As the world watches Russian leader Vladimir Putin's barbaric attempt to conquer Ukraine, a roughly Texas-sized nation along the Black Sea to the west of Russia, many are not aware of another brutal crime against Ukraine that happened roughly 90 years ago. Known as the Holodomor, a term derived from the Ukrainian words for hunger ("holod") and extermination ("mor"), it was a time from 1932 to 1933 when millions of Ukrainians were starved to death by the regime of Soviet dictator Joseph Stalin, a figure for whom Putin has expressed admiration.
"The Holodomor was a consequence of Stalin's forced collectivization policy, which was launched in 1929 with the aim of revolutionizing the countryside to convert it to what was perceived to be a better form of agriculture," according to Stephen Norris, a professor of history and director of the Havighurst Center for Russian and Post-Soviet Studies at Miami University in Oxford, Ohio. Ukraine was seen as a place where that goal could be accomplished quickly. And to further communist ideology, Stalin's policy also aimed to eliminate "kulaks," the class of well-to-do peasant farmers that the Soviet regime saw as enemies of the people.
But collective farming didn't work out well, and combined with bad weather, harvests suffered and famine began spreading across the Soviet Union in the early 1930s. But the Ukrainians, who had sought unsuccessfully to become independent after the collapse of the Russian empire before being taken over by the Bolsheviks and absorbed into the USSR in 1922, bore the brunt of the resulting famine. Stalin's regime used the famine as an opportunity to punish them. In December 1932, the regime ordered Communist party officials in Ukraine to produce more food for the rest of the USSR, even if they had to take it by force from farmers.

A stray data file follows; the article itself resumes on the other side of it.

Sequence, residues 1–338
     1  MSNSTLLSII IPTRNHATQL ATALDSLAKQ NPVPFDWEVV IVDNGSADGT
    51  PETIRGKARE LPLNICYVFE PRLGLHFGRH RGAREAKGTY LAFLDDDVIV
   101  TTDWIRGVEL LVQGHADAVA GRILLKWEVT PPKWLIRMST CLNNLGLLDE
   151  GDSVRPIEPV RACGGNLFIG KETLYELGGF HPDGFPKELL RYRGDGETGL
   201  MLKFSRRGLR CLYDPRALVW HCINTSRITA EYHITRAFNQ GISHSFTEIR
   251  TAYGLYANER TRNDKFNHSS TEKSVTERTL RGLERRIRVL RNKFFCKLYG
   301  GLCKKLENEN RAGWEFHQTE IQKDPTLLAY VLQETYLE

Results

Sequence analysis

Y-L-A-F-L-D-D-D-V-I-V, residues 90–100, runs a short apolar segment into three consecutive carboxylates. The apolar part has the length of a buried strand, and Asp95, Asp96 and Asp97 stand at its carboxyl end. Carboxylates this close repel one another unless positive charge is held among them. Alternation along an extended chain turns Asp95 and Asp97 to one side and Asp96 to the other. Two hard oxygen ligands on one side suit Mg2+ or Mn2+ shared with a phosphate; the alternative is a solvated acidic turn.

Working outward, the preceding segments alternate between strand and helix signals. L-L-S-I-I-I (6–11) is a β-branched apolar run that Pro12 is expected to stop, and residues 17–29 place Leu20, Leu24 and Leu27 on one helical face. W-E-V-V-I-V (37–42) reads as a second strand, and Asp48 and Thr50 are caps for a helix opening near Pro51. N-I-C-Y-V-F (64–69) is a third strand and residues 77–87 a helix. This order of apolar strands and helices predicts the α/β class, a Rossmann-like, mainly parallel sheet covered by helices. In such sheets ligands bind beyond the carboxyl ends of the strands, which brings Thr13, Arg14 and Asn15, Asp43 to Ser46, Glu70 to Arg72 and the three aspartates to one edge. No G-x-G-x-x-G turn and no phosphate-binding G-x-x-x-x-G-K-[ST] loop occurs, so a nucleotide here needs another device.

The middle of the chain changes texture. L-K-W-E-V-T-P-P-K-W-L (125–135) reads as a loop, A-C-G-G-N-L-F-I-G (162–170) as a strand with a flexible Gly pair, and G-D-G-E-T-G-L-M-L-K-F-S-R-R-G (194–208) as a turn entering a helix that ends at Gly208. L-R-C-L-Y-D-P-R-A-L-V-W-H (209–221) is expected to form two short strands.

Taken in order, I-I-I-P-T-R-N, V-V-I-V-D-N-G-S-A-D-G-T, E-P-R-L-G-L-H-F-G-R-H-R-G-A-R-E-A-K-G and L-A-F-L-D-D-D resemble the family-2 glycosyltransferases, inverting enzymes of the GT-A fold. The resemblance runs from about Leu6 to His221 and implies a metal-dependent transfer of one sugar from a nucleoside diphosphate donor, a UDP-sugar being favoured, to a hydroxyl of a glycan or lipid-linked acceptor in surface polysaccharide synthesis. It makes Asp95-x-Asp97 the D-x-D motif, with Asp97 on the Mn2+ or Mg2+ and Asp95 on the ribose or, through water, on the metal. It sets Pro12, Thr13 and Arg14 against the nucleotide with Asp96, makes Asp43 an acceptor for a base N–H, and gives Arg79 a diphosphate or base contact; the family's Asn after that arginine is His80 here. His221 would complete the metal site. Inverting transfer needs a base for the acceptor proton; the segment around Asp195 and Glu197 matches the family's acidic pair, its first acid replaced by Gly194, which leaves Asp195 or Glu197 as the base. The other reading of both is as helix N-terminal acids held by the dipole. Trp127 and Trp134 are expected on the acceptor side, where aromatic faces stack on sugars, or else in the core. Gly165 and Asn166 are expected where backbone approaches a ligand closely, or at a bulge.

Teams of crop-confiscating thugs were sent to roam through Ukraine and take all the grain, vegetables, and even farm animals they could find, as this report on the Holodomor compiled by a U.S. congressional commission in 1988 lays out in grisly detail. They went into farmers' homes and tore apart their stoves and even dug into the floors and surrounding outside grounds to make sure they weren't holding back anything. Anyone who was caught hiding food, or stealing it, was severely punished. Even taking a few beets from a collective farm could earn a person a seven-year prison sentence. Two young boys were beaten and suffocated for the crime of hiding fish and frogs they had caught. At the same time, Ukraine's borders were sealed to keep Ukrainians from fleeing in search of food.
As survivors recalled in testimony to the commission, people grew so desperate that they ate leaves, weeds, old potato and beet peelings, and even killed and ate dogs and cats. Emaciated people who had grown too weak to move died in their homes and collapsed in the streets.
The commission report concluded that Stalin and his inner circle knew the suffering that his government's policies were causing. It didn't matter. "Crushing the Ukrainian peasantry made it possible for Stalin to curtail Ukrainian national self-assertion," the commission report noted.
According to Norris, the Stalin regime's decree also contained other measures to subjugate Ukraine, such as ordering local officials to stop using the Ukrainian language, so that "the crisis of collectivization became specifically directed at Ukrainians and at Ukrainian nationhood."
Hiding the Famine From the World